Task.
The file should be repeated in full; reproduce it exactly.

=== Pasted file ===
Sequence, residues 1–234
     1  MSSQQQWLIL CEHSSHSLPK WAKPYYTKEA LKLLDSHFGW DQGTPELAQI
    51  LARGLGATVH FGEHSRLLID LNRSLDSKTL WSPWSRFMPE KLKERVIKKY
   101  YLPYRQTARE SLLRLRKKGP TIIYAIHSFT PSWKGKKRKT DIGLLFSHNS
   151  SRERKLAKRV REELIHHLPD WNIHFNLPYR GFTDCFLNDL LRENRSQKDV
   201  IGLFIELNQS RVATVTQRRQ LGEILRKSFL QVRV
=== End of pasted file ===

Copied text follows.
Sequence, residues 1–234
     1  MSSQQQWLIL CEHSSHSLPK WAKPYYTKEA LKLLDSHFGW DQGTPELAQI
    51  LARGLGATVH FGEHSRLLID LNRSLDSKTL WSPWSRFMPE KLKERVIKKY
   101  YLPYRQTARE SLLRLRKKGP TIIYAIHSFT PSWKGKKRKT DIGLLFSHNS
   151  SRERKLAKRV REELIHHLPD WNIHFNLPYR GFTDCFLNDL LRENRSQKDV
   201  IGLFIELNQS RVATVTQRRQ LGEILRKSFL QVRV